name = "paigo_dimensions"

  description = "A versioned stream for storing the Paigo dimension IDs. This is used as a lookup table to find out which Paigo dimension ID should be used for a specific workspace and metric pair."

  mode = "versioned_kv"

  column {
    name        = "offering_name"
    type        = "string"
    primary_key = true

  column {
    name        = "dimension_internal_name"
    type        = "string"
    primary_key = true

  column {
    name = "dimension_id"
    type = "string"

resource "timeplus_stream" "workspace_plans" {
  name = "workspace_plans"

  description = "A versioned stream for storing workspace subscription plan information. This is used as a lookup table to find out the Paigo customer ID and plan name for a workspace."

  mode = "versioned_kv"

  column {
    name        = "workspace_id"
    type        = "string"
    primary_key = true

  column {
    name = "plan_name"
    type = "string"

  column {
    name = "paigo_customer_id"
    type = "string"

Since versioned streams always provide the up-to-date views of the data, they are a perfect choice for lookup tables. For example, in our case, whenever a new workspace is created, a new record will be automatically inserted into the workspace_plans stream, and once a workspace has updated its subscription plan, an update record will be automatically sent to the stream as well, so `SELECT * FROM workspace_plans` will keep returning the latest information. (If you are not familiar with Timeplus query yet, this query is a streaming query, meaning it never stops until it is told so, more details can be found here). Same thing for the paigo_dimensions stream, we can easily update the stream when we update the dimension configurations on the Paigo side. And here are the examples of how data look like in these streams:

Stream: paigo_dimensions




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Stream: workspace_plans





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Now we are ready to take a look at the sink:

resource "timeplus_sink" "paigo" {
  name        = "Paigo/cpu_usage"
  description = "Send cpu usage metric to Paigo."
  type        = "http"
  query       = <<-SQL
WITH results AS
      format_datetime(window_end, '%FT%H:%M:%SZ', 'UTC') AS timestamp, to_string((max(value) - earliest(value)) / 300) AS recordValue, replace_one(tags['namespace'], 'tp-tenant-', '') AS tenant
      tumble(k8s_metrics, 5m)
      (name = 'container_cpu_usage_seconds_total') AND ((tags['container']) = 'proton')
      window_end, tags['namespace']
  ), dimensions AS
      offering_name, dimension_id, dimension_internal_name
      dimension_internal_name = 'cpu_usage'
  results.timestamp AS timestamp, results.recordValue AS recordValue, dimensions.dimension_id AS dimensionId, workspace_plans.paigo_customer_id AS customerId, dimensions.dimension_internal_name AS dimension_name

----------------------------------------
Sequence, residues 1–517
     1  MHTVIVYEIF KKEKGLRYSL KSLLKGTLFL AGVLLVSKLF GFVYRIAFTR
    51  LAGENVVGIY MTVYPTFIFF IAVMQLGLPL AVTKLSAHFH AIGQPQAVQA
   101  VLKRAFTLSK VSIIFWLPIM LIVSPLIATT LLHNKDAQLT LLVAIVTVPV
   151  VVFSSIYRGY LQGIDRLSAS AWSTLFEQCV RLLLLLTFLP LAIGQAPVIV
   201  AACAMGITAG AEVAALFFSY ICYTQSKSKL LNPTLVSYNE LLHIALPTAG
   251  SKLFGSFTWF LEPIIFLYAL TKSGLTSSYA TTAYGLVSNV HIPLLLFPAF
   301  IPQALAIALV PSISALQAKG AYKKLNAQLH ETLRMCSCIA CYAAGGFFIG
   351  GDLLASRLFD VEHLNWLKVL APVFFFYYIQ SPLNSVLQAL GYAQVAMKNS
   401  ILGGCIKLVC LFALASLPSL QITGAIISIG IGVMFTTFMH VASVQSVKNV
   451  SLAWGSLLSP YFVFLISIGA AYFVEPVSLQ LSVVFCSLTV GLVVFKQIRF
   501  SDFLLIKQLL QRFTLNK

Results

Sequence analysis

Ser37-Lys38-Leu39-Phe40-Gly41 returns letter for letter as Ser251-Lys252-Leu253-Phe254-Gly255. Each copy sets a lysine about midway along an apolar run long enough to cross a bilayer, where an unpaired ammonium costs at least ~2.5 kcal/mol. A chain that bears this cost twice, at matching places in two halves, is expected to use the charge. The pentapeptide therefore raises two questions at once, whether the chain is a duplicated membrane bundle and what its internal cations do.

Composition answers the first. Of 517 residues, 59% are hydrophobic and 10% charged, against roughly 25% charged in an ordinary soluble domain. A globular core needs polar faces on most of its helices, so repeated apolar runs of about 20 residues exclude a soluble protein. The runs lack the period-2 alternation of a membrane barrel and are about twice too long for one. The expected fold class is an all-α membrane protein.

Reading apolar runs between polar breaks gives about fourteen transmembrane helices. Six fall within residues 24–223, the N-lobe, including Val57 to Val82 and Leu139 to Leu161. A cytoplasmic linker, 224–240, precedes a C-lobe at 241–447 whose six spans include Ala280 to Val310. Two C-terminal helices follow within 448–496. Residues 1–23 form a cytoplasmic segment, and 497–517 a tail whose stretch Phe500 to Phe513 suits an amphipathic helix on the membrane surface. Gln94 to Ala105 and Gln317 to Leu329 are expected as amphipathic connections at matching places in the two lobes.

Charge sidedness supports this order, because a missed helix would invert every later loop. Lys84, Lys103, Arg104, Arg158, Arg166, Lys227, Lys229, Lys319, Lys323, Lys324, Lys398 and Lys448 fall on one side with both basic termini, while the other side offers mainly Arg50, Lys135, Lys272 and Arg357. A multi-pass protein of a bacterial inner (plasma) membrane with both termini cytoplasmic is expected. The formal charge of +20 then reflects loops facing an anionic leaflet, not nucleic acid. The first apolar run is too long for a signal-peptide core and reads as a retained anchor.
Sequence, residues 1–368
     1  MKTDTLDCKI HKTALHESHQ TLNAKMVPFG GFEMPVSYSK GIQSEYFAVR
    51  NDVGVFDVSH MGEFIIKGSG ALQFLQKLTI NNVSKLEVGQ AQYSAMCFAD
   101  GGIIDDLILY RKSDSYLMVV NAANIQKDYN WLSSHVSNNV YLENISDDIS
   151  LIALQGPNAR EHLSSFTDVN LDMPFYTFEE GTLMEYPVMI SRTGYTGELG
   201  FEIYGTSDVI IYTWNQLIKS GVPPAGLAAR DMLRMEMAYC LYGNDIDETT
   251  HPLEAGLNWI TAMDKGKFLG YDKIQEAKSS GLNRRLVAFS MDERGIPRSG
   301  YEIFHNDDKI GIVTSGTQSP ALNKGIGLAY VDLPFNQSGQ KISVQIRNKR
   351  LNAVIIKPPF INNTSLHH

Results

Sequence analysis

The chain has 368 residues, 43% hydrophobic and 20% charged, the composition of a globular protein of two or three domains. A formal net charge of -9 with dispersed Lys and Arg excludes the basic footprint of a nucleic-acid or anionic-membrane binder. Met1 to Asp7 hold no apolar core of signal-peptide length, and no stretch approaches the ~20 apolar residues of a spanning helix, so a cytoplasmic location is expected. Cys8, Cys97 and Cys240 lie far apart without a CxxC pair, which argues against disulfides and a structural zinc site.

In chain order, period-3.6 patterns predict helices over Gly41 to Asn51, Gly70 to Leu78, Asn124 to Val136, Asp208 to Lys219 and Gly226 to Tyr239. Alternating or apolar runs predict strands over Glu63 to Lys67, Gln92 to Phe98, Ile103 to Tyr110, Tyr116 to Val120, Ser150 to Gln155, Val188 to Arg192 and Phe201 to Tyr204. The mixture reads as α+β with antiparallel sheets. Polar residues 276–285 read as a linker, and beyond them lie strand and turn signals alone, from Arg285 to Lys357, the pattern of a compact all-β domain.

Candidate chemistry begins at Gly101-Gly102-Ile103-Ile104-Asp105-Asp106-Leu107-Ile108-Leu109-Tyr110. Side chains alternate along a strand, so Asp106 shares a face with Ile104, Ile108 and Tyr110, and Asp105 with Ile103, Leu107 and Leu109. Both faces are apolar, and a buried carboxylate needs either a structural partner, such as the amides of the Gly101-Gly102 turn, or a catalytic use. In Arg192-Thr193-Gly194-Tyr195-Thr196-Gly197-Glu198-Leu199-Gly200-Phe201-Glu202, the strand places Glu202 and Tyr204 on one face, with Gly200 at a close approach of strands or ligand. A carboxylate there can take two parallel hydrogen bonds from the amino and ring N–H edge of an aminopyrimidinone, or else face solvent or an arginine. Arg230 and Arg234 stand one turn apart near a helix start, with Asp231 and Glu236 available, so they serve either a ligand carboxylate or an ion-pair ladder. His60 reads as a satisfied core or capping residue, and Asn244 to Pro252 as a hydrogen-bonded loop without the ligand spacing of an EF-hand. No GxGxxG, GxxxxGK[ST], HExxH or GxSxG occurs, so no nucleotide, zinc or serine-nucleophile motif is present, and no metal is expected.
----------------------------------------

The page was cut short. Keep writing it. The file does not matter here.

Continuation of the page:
INNER JOIN default.workspace_plans ON results.tenant = workspace_plans.workspace_id
INNER JOIN dimensions ON workspace_plans.plan_name = dimensions.offering_name

  properties = jsonencode({
    content_type = "application/json"
    http_method  = "POST"
    oauth2 = {
      client_key    = var.paigo_client_id
      client_secret = var.paigo_client_secret
      enabled       = true
      scopes        = []
      token_url     = "${var.paigo_audience}&grant_type=client_credentials"
    payload_field  = "{{ . | toJSON }}"
    url            = ""

Yes, there are many lines. No worry. Let's talk about some key settings.

The properties field tells the sink how to send data to the external system, while the query field tells the sink how to fetch data. Unlike using a traditional database, which requires one to implement something like running a query periodically to keep fetching the latest data, the query used in the sink is a streaming query, which means data will just flow into the destination continuously. We just need to write the SQL.

How this works, put in a simplified way, is that with

  1. metrics kept being ingested into the append-only stream k8s_metrics.

  2. The query will automatically get fed with these latest metrics in real time.

  3. Then the query filters out the metrics it does not need, and calculates the results on a 5-minute window.

  4. Lastly, it joins the results with the two versioned streams to enrich the results so that the sink gets all the needed data to send to Paigo.

  5. Since the query has already had the data well-prepared, the sink just needs to send them out by encoding them into JSON format (the payload_field = "{{ . | toJSON }}" part), and done!

Let’s review the high level design again:

Solution overview

As you can imagine, for monitoring these sinks, we can simply just build another sink (Timeplus also supports alerts, which are like higher-level sinks and they have more specific features for alerting)! And this is what we have done too. We have sinks to compare the actual number of data the sinks sent to Paigo and the expected number, and if they don't match, the sinks will send a message to our Slack channel, so that we can get notified as soon as something wrong happens. I am not going to disclose more details on this one, which will make this blog way too lengthy. Let us know if you are interested in that topic, we can definitely write about it.


All in all, we are happy with this “dogfooding” solution. We leveraged a few "superpowers" of Timeplus: streaming ingest API, versioned stream, stream-to-stream JOIN, HTTP sink. The system has been up running for a few months. It is very reliable and flexible. Using Timeplus, it’s simple to add/remove/update billing usage data. The monitoring sinks give us confidence that we will be able to fix any issues at the earliest time, which is a huge plus for our customers.